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The daily dose of jaw-dropping

Smoking for victory, a private with full of kiss marks and our granddads go crazy….

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James Dean: A Legend Crashes

“The only greatness for man is immortality.”

Hours before his fatal collision, he was fined for speeding. Being mad about sport cars and car racing Dean bought a Porsche 550 Spyder and had entered the upcoming Salinas Road Race. On 30 September 1955, he was on his way to Salinas. Dean was driving at about 185 kilometers (115 mi) per hour when he crashed into another car.

His death caused a real hysteria. Dean was buried in Fairmount, Indiana. His tombstone has been stolen several times, but so far has always been found. In 1995, on the 40th anniversary of James Dean’s death, the United States Postal Service issued 325 million copies of a stamp bearing the portrait of the former super star. Dean is often mentioned or featured in numerous songs, films and documentaries.

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A Giant Star

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Surprising 7: Mata Hari, the most famous spy of all times

The exotic dancer Mata Hari was sentenced to death for espionage. In fact, her espionage activities were not as extensive and successful as suggested by the legend created around her. Some of her biographers claim that she was trained in a German spy academy for 15 weeks; however, it is hard to believe that the Germans wasted their time by training a woman recognised throughout Europe and producing a tremendous sensation anywhere she went. However, Mata Hari got caught up in the struggle of French and German intelligence and has fallen victim to them.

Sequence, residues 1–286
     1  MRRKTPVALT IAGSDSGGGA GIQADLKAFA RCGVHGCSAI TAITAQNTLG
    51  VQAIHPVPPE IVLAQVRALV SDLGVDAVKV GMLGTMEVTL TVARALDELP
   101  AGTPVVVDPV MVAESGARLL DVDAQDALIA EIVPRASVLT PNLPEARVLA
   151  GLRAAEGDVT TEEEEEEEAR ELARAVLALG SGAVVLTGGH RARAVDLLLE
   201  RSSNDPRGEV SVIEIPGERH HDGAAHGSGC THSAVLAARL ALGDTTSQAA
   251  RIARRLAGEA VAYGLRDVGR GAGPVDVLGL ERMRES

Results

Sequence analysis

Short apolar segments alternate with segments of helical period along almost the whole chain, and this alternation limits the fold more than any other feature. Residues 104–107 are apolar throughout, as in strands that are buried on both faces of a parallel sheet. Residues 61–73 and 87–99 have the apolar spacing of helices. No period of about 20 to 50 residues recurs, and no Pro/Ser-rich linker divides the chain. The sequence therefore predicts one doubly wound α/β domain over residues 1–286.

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MATA HARI VERS 1900

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Our new issue is out!

Allied victory: knowledge or power?

It is indisputable that World War II was won by the Allies. Historians of both the defeated Germans and the victorious great powers were quick to credit the winning coalition’s advantage in numbers with being the factor that decided the conflict. More resources meant more men and soldiers to send into battle, more tanks, more planes, more ships, and raw power simply prevailed in the end – as it had many times before in history. Below is a collection of factors that, in addition to their being outnumbered, contributed to the fall of the Third Reich and its allies.

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Death clouds: The poison gases of the Great War

In World War I, the belligerents developed and employed several innovations thanks to their modern industrial capabilities. Perhaps the most profoundly influential among these, as far as the two opposing sides were concerned, was the poison gas. This was the first weapon of mass destruction in the modern sense of the word, used for the purpose of completely annihilating the enemy.

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